NEW YORK -- Given their expectations at the start of this season, the Mets might have expected to ship off three or four players to the All-Star Game in Washington, D.C., while the rest traveled home, enjoyed a few days of rest and reported back to work fresh for a
NEW YORK -- Given their expectations at the start of this season, the Mets might have expected to ship off three or four players to the All-Star Game in Washington, D.C., while the rest traveled home, enjoyed a few days of rest and reported back to work fresh for a second-half pennant push.
Such imaginings have been dead for weeks. The reality is that the Mets, who dropped a 6-1 game to the Nationals on Sunday to close out their first half, have fewer wins than any team in the National League. Some of those who traveled home are bound to be traded in the coming weeks, as the club decides which of them can be a part of their next winning team.
"We have to come out and play the game in a better way," manager Mickey Callaway said of the Mets' second half, which begins Friday against the Yankees.
Consider the rest of the season an audition, then, for players such as Corey Oswalt, who needed just 59 pitches to deliver five innings of one-run ball at Citi Field. Consider them important reps for folks like Michael Conforto, who scored the Mets' only run off Washington starter Jeremy Hellickson, and Anthony Swarzak, who walked the only two batters he faced to spark the Nationals' winning rally.
Two batters after Swarzak issued those free passes, pinch-hitter Daniel Murphy hit a two-run single off Tim Peterson to give the Nationals the lead, bloating Swarzak's ERA to 7.47. He is under contract for next season, and, like Oswalt and Conforto, is a sure bet to be part of the team.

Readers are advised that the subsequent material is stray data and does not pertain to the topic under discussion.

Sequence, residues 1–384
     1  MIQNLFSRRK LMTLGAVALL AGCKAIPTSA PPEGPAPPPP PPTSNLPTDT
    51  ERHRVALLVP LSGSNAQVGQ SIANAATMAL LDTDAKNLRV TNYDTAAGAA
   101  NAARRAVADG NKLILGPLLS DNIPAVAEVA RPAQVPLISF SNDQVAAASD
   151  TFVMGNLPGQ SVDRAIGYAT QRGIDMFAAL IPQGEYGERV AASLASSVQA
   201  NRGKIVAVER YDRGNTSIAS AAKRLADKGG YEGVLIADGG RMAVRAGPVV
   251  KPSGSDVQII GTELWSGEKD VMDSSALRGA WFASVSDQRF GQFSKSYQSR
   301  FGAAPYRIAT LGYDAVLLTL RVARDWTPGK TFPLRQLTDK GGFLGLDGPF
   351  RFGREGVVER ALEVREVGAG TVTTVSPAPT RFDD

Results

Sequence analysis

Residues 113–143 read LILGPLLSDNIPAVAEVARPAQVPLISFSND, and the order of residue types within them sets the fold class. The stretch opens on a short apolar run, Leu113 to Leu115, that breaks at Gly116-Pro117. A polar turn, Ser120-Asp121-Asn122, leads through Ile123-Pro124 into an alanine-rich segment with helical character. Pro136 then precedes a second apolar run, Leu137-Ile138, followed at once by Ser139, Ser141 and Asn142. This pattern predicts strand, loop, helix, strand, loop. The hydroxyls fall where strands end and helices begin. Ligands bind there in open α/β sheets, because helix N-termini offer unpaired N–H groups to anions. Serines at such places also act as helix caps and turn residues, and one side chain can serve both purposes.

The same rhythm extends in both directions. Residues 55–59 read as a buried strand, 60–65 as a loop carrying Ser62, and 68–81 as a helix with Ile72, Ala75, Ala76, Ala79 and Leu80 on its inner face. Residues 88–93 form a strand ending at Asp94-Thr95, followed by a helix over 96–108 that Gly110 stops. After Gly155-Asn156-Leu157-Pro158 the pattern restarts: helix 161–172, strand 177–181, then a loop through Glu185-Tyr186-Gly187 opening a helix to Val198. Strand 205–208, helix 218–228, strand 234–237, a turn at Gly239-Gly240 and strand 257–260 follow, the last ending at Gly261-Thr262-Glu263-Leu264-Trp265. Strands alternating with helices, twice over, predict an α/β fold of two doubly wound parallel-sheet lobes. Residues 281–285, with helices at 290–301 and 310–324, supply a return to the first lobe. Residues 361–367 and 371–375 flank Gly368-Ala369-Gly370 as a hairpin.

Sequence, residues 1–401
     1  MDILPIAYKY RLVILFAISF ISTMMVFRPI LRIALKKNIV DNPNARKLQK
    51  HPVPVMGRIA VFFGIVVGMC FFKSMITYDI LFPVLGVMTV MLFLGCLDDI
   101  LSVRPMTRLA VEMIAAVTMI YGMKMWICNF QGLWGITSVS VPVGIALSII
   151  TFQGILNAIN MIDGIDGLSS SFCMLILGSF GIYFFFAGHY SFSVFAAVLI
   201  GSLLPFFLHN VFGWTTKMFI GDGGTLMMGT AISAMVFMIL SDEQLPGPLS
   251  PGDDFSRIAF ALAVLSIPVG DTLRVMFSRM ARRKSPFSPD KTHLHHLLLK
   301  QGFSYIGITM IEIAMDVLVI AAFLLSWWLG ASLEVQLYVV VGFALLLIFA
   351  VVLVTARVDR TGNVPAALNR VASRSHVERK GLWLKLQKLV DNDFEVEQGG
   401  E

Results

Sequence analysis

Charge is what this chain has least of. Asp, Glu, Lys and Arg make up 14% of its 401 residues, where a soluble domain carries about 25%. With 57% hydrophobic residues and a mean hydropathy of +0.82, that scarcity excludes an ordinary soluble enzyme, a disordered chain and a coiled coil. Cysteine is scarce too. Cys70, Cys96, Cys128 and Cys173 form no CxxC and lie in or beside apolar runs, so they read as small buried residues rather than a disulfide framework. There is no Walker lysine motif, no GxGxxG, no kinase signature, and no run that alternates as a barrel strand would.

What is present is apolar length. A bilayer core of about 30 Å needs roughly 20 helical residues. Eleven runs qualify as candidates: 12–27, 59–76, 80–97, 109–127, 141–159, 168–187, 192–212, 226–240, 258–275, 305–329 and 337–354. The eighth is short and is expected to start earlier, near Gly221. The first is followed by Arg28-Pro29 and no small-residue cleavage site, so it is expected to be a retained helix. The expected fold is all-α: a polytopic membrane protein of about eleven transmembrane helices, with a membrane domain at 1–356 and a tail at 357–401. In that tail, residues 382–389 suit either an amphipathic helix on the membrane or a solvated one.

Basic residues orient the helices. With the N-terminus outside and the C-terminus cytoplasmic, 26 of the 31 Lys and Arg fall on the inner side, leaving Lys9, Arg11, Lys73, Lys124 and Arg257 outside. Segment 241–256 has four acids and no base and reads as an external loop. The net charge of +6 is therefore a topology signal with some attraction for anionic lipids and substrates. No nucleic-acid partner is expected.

The Mets' bullpen meltdown did not end there. Relieving Peterson, Jerry Blevins hit the first two batters he faced with pitches to force in a run. Trea Turner followed with a two-run single to provide the final margin, increasing New York's bullpen ERA to 4.73 -- fifth-worst in the Majors.
"Everybody needs a break," Swarzak said. "It's a long season and I think that from talking to other guys, everybody's looking forward to it. Nobody's giving up on each other. Everyone's going to continue to work hard. And we're going to have better results in the second half. We will."
MOMENTS THAT MATTERED
An abrupt end for Oswalt: After allowing his lone run on a second-inning fielder's choice, Oswalt grew stronger, retiring 10 straight Nationals to end his afternoon. Although Oswalt had thrown merely 59 pitches, Callaway chose to replace him with a pinch-hitter in the bottom of the fifth, seeking to jumpstart an offense doing little against Hellickson. That rally stalled without a run, however, leaving the Mets to cobble together four innings from their bullpen.
"Really, it just came down to us trying to score some runs," Callaway said. "Hits were hard to come by at that point, so we were just doing everything we could to score a run there."
The Mets' 55 losses are their highest total before the All-Star break since 1993, when they finished the first half 27-60. That team went on to become one of six in Mets history to lose 100-plus games.
FROM THE TRAINER'S ROOM
Second baseman Asdrubal Cabrera's right ring finger swelled up after he attempted to barehand an errant Swarzak pickoff throw during the seventh inning. Cabrera came out of the game an inning later and underwent X-rays, which were negative. He expects to be fine by the time the Mets open the second half.
"I'm good," Cabrera said. "It's a little sore but it's not broken. That's good news for me."
HE SAID IT
"We've talked to them all. We've said, 'Go have a good break, come back and let's focus on the things we have to do to win." -- Callaway, on his message to the Mets
Every Met but Jacob deGrom will enjoy a four-day rest this week, as players scatter for the All-Star break from Monday through Thursday. They'll return to New York for a three-game series starting Friday at Yankee Stadium. Noah Syndergaard, who just returned from a seven-week stay on the disabled list, will start the 7:05 p.m. ET opener.
Anthony DiComo has covered the Mets for MLB.com since 2007. Follow him on Twitter @AnthonyDiComo, Instagram and Facebook.